His breath was warm against the top of her head as he kissed her hair gently. Suddenly, it all seemed very simple to her. When he bent to kiss her ear and the side of her neck, she turned her mouth to meet his and closed her eyes. Let it happen, then.
She felt him tug her shirt loose from her trousers. The skin of his hands was rough but his touch was gentle as his hands slid up under her shirt. One hand cupped her breast, then teased the tautness of her nipple. She could not move, and then she could. Her hands found his hips and snugged him against her.
He broke the kiss. “Wait,” he cautioned her. He took a breath. “Stop. ”
He had come to his senses. She reeled with disappointment as he turned away from her. He walked to the door. With shaking hands, he bolted it. Returning, he caught up her hand. He kissed the palm of it, let it go and then stood silently, looking down on her. For an instant, she closed her eyes. He waited. She decided. She took his hands in both of hers and drew him gently toward his bed.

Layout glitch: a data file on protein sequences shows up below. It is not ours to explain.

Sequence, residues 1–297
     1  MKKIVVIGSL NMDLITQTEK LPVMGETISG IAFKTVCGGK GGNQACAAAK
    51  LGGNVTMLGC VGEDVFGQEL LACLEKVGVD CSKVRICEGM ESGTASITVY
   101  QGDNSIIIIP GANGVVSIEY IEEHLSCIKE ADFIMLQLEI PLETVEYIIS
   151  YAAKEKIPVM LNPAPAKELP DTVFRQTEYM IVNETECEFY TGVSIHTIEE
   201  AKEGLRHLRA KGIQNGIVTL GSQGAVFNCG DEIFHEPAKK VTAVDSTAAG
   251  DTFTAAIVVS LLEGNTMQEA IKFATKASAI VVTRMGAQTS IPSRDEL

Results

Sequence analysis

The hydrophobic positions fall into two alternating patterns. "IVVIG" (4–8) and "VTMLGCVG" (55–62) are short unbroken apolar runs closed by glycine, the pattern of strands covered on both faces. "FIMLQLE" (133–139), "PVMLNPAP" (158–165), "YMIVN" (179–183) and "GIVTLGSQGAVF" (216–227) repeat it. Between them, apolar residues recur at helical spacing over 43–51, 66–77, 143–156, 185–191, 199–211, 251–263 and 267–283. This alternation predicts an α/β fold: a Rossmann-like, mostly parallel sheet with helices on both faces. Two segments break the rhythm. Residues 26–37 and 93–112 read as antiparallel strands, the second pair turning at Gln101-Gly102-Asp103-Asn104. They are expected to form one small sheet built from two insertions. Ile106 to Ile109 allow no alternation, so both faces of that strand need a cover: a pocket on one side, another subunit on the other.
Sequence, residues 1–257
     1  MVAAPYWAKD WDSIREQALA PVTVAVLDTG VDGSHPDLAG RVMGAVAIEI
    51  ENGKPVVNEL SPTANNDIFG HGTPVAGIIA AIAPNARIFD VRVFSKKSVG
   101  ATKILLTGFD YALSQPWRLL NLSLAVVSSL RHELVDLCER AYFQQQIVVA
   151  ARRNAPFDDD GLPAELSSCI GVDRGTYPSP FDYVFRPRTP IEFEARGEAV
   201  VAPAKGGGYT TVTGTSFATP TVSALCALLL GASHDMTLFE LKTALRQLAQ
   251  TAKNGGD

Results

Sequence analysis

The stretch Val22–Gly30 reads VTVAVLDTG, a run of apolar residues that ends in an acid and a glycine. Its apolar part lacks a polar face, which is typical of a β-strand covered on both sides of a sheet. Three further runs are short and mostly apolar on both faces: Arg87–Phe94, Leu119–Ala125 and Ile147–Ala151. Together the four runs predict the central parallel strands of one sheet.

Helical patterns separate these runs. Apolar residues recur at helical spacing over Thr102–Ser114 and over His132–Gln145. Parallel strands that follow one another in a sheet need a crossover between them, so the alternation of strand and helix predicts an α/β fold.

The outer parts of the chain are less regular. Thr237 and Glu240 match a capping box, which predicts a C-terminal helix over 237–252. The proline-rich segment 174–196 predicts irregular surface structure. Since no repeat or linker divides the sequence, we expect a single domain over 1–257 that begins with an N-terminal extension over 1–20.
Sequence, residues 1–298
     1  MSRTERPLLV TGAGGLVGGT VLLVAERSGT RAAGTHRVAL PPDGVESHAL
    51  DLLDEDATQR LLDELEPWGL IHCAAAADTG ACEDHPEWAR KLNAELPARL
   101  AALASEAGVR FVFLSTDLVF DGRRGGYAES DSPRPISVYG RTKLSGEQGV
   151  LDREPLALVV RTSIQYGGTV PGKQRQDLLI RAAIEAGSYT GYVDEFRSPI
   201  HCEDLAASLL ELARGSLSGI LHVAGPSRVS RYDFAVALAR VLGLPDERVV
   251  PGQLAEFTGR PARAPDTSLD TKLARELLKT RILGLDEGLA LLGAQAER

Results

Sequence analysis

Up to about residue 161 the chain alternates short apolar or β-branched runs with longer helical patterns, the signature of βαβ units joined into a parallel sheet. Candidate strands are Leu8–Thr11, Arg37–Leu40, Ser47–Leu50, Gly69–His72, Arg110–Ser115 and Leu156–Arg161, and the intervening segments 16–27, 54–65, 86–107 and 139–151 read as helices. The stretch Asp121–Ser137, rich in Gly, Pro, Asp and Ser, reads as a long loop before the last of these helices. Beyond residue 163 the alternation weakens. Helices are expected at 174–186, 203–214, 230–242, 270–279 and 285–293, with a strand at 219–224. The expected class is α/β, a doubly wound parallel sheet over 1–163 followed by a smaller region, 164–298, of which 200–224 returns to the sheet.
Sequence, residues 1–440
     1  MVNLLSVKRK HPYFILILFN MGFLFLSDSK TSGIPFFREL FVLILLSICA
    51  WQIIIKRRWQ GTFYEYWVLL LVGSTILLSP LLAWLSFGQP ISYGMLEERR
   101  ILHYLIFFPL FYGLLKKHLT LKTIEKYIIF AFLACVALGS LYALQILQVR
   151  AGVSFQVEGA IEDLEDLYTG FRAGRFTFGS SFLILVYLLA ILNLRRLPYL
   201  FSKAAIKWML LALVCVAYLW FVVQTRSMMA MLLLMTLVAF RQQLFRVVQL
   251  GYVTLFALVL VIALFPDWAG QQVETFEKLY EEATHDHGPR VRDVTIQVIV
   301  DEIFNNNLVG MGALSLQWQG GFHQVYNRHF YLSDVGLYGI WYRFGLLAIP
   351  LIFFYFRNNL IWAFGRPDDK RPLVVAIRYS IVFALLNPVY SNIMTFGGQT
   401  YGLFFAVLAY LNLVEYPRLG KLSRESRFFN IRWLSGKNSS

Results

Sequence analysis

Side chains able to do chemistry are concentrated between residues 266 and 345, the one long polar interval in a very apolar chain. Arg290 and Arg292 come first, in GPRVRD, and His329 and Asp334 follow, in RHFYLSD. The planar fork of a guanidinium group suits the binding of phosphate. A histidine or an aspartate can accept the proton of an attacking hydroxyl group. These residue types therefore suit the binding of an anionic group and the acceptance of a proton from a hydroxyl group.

AMBER WAS SPEAKING GRAVELY AND SLOWLY. “l DON’T THINK YOU FULLY understood what you did. That is why I can forgive you. But this is the only time. Paragon, you have to learn what it means to a man to die. I don’t think you grasp the finality of what you did. ” The storm wind buffeted her but she clung to his railing and waited for a reply. He tried to think of something to say that would make her happy. He didn’t want Amber to be sad at him. Her sadness, when she let him feel it, went deeper than any human’s. It was almost as grievous as his own.